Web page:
as much as possible...but I want them to stay safe and caucus in their college towns. No point driving in the dark on icy roads.
of youth vote to hand Iowa to Bernie. That'd not only just help drag out this very tedious enmity on DU, but also a dragged out primary battle would weaken our candidate for the general.
BUT -- We absolutely do in general want young people to vote. I forgot the precise number I read, but if only about 5% more young voters turned out across the nation, we'd sweep politicians serving business instead of the people out of office across the nation. We could fix everything that's gone wrong with our nation over the past 30 years.
One of Bernie's most important contributions to democracy and progressive liberalism is that he has engaged more young people in politics. Callooh, callay! The trick is to keep them involved for the general and in future, and I'm really hoping Bernie will continue working hard for revolution that way.
27% of Sanders supporters are located in counties that count for 12% of the delegates. That means that these votes are being counted but will yield fewer delegates than votes in some rural counties
How do you go from an observation about geographical demographics to "Why don't you want college kids to vote?" Did the poster EVER, EVER say that? NO! Please, enough of the wild-leap statements. All the poster is saying is that if the college students votes are concentrated in a few areas and Hillary has support in many more geographical areas, that is an advantage given how the delegates are proportioned. My goodness, enough of the wild stretches.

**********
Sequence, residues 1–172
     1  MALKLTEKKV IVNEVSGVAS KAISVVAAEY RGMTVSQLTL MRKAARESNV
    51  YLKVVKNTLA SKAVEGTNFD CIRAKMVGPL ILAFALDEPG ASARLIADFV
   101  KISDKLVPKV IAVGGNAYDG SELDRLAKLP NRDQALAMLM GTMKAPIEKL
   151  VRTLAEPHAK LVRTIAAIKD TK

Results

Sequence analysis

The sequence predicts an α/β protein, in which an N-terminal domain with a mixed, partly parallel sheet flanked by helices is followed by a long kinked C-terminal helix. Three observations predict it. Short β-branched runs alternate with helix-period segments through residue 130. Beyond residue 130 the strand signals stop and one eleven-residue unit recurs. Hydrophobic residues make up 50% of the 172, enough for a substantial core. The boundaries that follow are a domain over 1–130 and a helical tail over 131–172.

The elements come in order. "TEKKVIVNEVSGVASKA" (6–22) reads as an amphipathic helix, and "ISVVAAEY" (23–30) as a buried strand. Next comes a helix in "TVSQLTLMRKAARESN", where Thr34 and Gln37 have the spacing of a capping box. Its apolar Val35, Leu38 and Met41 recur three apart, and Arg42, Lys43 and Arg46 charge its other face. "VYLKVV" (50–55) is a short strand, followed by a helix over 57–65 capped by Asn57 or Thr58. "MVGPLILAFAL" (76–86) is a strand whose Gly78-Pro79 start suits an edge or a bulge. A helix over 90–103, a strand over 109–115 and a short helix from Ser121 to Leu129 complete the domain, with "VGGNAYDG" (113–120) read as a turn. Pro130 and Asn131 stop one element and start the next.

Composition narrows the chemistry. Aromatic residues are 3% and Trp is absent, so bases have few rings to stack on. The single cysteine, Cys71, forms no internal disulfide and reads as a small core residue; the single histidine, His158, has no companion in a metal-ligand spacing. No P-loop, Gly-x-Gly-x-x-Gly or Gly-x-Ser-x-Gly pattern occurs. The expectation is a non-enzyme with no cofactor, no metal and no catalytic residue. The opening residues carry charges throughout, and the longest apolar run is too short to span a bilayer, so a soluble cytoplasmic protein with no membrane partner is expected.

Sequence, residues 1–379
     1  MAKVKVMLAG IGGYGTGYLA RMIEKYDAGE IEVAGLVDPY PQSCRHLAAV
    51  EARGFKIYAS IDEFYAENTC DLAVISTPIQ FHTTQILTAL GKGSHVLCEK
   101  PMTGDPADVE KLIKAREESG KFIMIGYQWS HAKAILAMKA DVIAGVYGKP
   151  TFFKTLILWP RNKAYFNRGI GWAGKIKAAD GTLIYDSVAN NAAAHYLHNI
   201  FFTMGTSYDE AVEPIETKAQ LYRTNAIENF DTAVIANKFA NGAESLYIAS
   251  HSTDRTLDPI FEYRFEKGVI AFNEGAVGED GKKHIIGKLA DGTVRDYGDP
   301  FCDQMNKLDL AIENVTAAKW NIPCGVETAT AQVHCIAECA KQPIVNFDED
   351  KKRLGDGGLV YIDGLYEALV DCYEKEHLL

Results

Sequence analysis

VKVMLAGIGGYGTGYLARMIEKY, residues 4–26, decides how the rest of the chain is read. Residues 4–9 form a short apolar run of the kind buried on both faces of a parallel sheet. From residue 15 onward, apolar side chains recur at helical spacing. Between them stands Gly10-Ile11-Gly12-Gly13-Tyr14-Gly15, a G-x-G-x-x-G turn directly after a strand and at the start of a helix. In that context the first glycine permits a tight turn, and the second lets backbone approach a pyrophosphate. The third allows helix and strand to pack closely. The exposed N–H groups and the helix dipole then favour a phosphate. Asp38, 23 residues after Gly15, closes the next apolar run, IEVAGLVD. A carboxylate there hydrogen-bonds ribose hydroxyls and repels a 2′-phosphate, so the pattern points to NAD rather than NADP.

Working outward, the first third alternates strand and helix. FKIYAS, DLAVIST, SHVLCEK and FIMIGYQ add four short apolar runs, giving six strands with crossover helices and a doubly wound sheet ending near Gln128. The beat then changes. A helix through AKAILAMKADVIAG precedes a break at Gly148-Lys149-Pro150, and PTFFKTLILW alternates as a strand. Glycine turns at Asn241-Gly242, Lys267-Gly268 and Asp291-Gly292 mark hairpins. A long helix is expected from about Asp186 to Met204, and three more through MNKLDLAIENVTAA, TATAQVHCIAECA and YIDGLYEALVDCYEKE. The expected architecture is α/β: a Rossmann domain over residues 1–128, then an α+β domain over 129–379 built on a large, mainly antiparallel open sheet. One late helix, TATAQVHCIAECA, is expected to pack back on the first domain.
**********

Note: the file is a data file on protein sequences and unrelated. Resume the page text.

an observation that Bernie's youth vote is concentrated in three areas equally not wanting college students to vote?
Most students have class on Monday or Tuesday http://www.nbcnews.com/politics/2016-election/how-geography-favors-hillary-clinton-iowa-n503451
The Sanders campaign is working to encourage college students to return home to caucus, and helping to arrange travel. But it's a big organizational lift and asking a lot of a demographic that has historically already been reluctant to turn out. The caucuses are on a Monday night, so students will have classes on the day of the caucuses and the next morning.
"I still think HRC by 5 in Iowa," Mitch Stewart, who was Obama's director of field operations for the Iowa Caucuses in 2008 and now backs Clinton, said in a tweet Saturday.
It takes a great deal of effort to get someone to go to a caucus in the first place and now you want to bus them across the state on a school night. We will see if this works
Shouldn't we all be encouraging young people to get involved in the political process instead of hoping they won't be able to go to caucuses?
but I want them to be safe as well. No driving across dark icy roads. Caucus in their college towns!
Don't you worry about them, too?
Amazing how these people that support a candidate that would happily send young people to war are suddenly worried about their safety driving.
I don't know how I can respect such people. I will probably move to jackpine if this primary doesn't go the right way.